A new study shows that testosterone makes men less likely to realize when they're wrong.
Testosterone treatments may increase cardiac risks
A new JAMA study found a 20 percent increase in arterial plaque among men aged 65 and older who received testosterone replacement therapy for a year,
Benefits of testosterone therapy in older men are mixed
Older men with low testosterone levels showed improved bone density and strength, as well as reduced anemia, after one year of testosterone therapy, according to a new study conducted at Yale and other sites.
Testosterone therapy provides protection against cardiovascular disease in men with low testosterone
Despite the continued controversy surrounding the use of testosterone in men who have testosterone deficiency (hypogonadism), a new study has found that long-term use of testosterone therapy not only improves vigor and vitality, but may reduce the risk of death due to cardiovascular (CV) disease.
Enzyme that digests vitamin A also may regulate testosterone levels
Bco1, an enzyme that metabolizes beta carotene, may play a vital role in testosterone metabolism as well, according to a new study led by researchers at the University of Illinois.
'Mean girl' meerkats can make twice as much testosterone as males
Testosterone. It's often lauded as the hormone that makes males bigger, bolder, stronger.
Experts take strong stance on testosterone deficiency and treatment
In an effort to address widespread concerns related to testosterone deficiency (TD) and its treatment with testosterone therapy, a group of international experts has developed a set of resolutions and conclusions to provide clarity for physicians and patients.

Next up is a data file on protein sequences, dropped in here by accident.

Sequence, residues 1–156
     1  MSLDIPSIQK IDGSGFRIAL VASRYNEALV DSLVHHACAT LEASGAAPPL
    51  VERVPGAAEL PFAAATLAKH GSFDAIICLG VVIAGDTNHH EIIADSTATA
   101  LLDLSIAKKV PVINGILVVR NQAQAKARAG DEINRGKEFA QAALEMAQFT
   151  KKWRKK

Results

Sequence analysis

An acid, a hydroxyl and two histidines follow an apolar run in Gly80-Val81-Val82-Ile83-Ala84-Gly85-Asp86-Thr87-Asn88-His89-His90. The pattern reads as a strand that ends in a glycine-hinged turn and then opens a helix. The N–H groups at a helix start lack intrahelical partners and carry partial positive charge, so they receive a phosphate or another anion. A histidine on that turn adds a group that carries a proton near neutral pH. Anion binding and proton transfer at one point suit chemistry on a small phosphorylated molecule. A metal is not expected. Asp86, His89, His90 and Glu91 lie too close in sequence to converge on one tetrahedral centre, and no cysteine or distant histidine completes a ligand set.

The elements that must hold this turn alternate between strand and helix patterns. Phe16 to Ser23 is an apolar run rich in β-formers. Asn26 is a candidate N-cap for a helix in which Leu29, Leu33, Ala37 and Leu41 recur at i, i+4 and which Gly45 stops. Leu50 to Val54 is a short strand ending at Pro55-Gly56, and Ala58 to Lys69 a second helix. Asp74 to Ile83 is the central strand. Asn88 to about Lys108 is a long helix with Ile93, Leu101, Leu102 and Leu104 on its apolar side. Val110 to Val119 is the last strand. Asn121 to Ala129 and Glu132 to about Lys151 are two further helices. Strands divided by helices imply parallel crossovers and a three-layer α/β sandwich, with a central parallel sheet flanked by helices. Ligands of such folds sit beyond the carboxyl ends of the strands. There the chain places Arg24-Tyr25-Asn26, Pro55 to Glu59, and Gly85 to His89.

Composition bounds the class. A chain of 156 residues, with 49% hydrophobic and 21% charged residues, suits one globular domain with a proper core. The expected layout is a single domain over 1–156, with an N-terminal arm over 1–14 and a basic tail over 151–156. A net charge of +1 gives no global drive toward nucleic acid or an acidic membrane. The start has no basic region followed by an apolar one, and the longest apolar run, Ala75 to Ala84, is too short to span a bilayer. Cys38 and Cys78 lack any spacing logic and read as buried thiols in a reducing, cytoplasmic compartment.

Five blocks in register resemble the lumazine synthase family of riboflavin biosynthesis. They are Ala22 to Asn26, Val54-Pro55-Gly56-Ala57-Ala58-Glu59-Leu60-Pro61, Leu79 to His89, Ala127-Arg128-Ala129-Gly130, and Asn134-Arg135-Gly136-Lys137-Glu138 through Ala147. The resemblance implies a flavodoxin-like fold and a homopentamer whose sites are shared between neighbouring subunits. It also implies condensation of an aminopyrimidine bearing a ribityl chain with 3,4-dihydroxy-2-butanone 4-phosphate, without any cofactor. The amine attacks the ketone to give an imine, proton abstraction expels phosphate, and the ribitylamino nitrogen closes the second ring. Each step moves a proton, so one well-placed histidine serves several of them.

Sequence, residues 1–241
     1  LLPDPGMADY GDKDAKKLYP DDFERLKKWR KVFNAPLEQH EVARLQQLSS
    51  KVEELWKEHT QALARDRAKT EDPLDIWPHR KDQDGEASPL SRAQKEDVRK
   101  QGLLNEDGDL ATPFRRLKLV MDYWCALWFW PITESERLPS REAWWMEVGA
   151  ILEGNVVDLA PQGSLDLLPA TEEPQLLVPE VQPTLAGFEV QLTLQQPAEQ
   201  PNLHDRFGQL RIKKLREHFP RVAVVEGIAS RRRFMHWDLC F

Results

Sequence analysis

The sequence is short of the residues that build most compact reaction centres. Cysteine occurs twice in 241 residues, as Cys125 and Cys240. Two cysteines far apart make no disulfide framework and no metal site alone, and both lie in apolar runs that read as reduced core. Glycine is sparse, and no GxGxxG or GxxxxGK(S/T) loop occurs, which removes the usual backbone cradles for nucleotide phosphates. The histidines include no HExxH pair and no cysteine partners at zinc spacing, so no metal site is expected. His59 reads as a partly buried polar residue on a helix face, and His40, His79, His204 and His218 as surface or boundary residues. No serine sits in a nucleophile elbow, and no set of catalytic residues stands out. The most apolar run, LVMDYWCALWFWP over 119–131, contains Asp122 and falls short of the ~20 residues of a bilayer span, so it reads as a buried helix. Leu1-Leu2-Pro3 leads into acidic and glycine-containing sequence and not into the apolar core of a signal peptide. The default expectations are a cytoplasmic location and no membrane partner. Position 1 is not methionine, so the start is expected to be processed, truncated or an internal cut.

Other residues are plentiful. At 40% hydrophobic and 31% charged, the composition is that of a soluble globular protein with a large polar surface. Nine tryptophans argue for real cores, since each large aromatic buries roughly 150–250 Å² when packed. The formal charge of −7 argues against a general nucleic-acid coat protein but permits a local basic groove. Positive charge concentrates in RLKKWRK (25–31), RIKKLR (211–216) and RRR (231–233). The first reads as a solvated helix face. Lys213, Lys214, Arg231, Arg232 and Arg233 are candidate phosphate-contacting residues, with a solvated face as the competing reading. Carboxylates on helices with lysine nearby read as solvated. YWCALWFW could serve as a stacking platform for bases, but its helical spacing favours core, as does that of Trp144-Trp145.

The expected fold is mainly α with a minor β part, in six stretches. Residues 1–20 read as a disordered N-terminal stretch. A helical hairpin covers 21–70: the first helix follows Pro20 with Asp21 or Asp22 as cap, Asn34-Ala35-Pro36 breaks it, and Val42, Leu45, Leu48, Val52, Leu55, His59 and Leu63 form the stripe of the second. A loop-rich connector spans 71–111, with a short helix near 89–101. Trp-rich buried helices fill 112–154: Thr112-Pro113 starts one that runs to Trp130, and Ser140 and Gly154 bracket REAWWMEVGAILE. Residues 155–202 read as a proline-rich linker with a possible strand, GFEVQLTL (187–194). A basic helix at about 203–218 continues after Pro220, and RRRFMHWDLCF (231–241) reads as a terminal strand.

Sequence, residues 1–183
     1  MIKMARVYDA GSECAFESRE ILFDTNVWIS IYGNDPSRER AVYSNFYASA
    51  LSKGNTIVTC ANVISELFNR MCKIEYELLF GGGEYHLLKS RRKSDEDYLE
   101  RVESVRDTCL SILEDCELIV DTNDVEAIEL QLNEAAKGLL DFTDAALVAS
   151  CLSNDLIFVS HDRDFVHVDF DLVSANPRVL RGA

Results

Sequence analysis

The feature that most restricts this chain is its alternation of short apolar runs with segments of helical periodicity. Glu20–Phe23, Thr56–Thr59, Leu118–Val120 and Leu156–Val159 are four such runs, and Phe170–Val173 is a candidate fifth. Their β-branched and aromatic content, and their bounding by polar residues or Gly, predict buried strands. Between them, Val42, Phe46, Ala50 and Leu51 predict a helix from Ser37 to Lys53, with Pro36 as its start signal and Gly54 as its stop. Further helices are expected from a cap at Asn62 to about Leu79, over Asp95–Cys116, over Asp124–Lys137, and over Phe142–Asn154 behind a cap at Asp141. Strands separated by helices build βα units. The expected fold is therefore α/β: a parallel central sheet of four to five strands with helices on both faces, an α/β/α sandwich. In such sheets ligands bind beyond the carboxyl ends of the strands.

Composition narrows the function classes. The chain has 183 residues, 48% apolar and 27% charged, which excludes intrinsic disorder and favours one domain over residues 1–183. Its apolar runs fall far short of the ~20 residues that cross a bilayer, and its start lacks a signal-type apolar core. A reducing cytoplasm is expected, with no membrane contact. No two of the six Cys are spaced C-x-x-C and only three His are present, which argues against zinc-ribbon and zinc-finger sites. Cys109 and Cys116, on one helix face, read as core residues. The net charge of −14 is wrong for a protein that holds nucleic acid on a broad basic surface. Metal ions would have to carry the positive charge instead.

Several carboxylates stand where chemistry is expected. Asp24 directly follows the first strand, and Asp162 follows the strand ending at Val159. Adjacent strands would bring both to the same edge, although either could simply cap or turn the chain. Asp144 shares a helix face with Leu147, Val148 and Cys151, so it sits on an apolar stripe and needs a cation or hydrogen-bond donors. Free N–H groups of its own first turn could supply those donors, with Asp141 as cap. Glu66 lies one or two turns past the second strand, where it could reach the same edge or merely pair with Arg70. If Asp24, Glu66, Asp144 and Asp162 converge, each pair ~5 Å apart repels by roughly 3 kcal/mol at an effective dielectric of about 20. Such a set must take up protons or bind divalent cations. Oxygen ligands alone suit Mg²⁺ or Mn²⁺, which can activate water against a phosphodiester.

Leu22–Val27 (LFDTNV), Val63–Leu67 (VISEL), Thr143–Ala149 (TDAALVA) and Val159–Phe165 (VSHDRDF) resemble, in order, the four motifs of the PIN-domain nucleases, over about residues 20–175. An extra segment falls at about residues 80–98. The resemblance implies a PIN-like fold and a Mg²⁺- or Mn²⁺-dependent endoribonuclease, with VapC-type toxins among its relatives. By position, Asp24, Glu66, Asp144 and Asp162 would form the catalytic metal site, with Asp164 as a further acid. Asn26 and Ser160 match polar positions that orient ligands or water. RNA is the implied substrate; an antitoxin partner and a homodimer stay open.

Scientists develop recipe for testosterone-producing cells
Researchers led by teams at the Johns Hopkins Bloomberg School of Public Health and Wenzhou Medical University of China have discovered a way to keep adult stem cells that are destined to become testosterone-producing cells multiplying and on track to fulfill their fate, a new study reports.
Testosterone therapy decreases hospital readmissions in older men with low testosterone
A new large-scale population-based study from The University of Texas Medical Branch at Galveston showed for the first time that older men using testosterone therapy were less likely to have complications that require them to go back to the hospital within a month of being discharged than men not using this therapy.
Researchers: Testosterone treatment effective for older men
As men age, their sexual function, vitality and strength can decline, but researchers had not yet established whether testosterone treatment is actually beneficial.

Related Testosterone Reading:

Best Science Podcasts 2019

We have hand picked the best science podcasts for 2019. Sit back and enjoy new science podcasts updated daily from your favorite science news services and scientists.
Now Playing: TED Radio Hour

Anthropomorphic
Do animals grieve? Do they have language or consciousness? For a long time, scientists resisted the urge to look for human qualities in animals. This hour, TED speakers explore how that is changing. Guests include biological anthropologist Barbara King, dolphin researcher Denise Herzing, primatologist Frans de Waal, and ecologist Carl Safina.
Now Playing: Science for the People

#SB2 2019 Science Birthday Minisode: Mary Golda Ross
Our second annual Science Birthday is here, and this year we celebrate the wonderful Mary Golda Ross, born 9 August 1908. She died in 2008 at age 99, but left a lasting mark on the science of rocketry and space exploration as an early woman in engineering, and one of the first Native Americans in engineering. Join Rachelle and Bethany for this very special birthday minisode celebrating Mary and her achievements. Thanks to our Patreons who make this show possible! Read more about Mary G. Ross: Interview with Mary Ross on Lash Publications International, by Laurel Sheppard Meet Mary Golda...